Why they won’t: Flacco has been mediocre in recent seasons with Baltimore, and the talent around him in Denver isn’t better than what he had in Baltimore. While he could be an improvement over Case Keenum, Denver is asking a lot of a quarterback who has averaged a terrible 6.2 yards per pass attempt over the last three seasons. The AFC West also remains rough with the Chiefs and Chargers at the top.

Detroit Lions

Why they will: Head coach Matt Patricia is finally getting his players into the system, signing Trey Flowers for big money and adding corners Rashaan Melvin and Justin Coleman. The offense has underrated talent with Matthew Stafford, Kerryon Johnson and strong wideouts.

Why they won’t: Despite the offensive talent, the Lions ranked 25th in points last season. There are still major questions at linebacker, and the NFC North is arguably the toughest division in football with the Packers, Bears and Vikings all having a real shot at making the playoffs.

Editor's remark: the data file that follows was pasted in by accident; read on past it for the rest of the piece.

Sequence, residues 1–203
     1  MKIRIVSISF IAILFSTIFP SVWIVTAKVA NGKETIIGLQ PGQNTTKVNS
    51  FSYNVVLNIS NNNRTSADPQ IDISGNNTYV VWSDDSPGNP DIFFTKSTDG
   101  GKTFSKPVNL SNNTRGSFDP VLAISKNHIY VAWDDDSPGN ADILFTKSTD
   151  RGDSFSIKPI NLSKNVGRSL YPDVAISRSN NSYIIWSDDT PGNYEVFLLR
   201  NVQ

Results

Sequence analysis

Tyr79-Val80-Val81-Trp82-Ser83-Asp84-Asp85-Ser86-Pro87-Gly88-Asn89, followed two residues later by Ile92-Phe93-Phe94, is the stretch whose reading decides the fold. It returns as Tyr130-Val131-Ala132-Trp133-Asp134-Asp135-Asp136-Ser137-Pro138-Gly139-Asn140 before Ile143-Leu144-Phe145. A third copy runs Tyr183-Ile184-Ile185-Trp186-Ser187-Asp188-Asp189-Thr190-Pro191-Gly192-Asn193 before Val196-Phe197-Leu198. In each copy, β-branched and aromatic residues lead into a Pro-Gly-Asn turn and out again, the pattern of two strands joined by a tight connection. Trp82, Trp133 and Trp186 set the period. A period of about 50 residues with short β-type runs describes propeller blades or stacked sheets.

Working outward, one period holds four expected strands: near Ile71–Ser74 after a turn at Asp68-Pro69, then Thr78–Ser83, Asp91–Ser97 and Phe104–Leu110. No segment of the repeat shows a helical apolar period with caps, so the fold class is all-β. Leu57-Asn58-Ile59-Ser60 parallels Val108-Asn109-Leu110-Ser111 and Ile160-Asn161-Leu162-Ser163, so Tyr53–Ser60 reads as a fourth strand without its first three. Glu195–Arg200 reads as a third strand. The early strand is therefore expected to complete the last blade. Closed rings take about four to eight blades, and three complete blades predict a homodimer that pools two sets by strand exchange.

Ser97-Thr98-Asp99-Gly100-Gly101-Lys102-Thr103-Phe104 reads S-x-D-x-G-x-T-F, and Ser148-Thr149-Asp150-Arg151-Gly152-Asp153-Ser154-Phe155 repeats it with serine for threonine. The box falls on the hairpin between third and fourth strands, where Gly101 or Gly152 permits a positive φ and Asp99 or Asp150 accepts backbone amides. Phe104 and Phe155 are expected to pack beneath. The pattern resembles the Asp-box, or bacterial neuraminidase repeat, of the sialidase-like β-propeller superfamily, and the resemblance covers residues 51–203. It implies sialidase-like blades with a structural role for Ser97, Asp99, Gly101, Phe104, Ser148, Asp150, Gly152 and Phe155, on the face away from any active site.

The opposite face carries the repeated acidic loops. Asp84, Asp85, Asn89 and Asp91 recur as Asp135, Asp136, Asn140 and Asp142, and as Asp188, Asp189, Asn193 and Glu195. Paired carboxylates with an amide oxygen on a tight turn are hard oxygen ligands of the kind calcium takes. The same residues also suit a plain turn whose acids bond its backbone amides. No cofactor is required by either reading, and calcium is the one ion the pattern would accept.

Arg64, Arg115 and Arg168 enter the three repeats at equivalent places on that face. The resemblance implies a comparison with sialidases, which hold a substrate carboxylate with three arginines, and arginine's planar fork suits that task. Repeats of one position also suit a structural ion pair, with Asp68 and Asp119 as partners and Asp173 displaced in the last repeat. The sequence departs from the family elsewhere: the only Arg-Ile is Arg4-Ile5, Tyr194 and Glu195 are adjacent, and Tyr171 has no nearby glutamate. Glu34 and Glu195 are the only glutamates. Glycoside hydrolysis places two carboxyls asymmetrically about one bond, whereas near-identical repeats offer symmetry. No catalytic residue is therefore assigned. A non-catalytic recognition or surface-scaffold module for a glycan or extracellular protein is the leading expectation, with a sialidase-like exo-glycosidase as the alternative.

Green Bay Packers

Why they will: Anything is possible with Aaron Rodgers, and he seems happy for the first time in a while after the team hired Matt LaFleur to run the team. Green Bay also addressed its pass rush issues in the offseason with the additions of Preston Smith, Za’Darius Smith and Rashan Gary. Rookie safety Darnell Savage Jr. could also add a spark.

Why they won’t: The recent offensive issues have been blamed on Mike McCarthy, but maybe the problem was the talent on the field? Green Bay has seen some major turnover at receiver, and going into the year only Davante Adams can be considered reliable. The defense allowed the 11th-most points last year and still has big questions at all three levels.

Houston Texans

Why they will: Houston has built elite offensive talent led by Deshaun Watson and DeAndre Hopkins. The Texans got a nice jolt before the season started by acquiring Duke Johnson, Laremy Tunsil and Kenny Stills. The defense rebounded last year to rank fifth in points allowed, with J.J. Watt showing up as an elite player again.